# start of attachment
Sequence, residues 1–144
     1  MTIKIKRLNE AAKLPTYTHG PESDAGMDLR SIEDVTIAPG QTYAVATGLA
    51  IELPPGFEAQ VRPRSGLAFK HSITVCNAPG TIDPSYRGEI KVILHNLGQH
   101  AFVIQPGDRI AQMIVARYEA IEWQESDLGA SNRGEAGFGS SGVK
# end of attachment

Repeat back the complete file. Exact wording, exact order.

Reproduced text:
Sequence, residues 1–144
     1  MTIKIKRLNE AAKLPTYTHG PESDAGMDLR SIEDVTIAPG QTYAVATGLA
    51  IELPPGFEAQ VRPRSGLAFK HSITVCNAPG TIDPSYRGEI KVILHNLGQH
   101  AFVIQPGDRI AQMIVARYEA IEWQESDLGA SNRGEAGFGS SGVK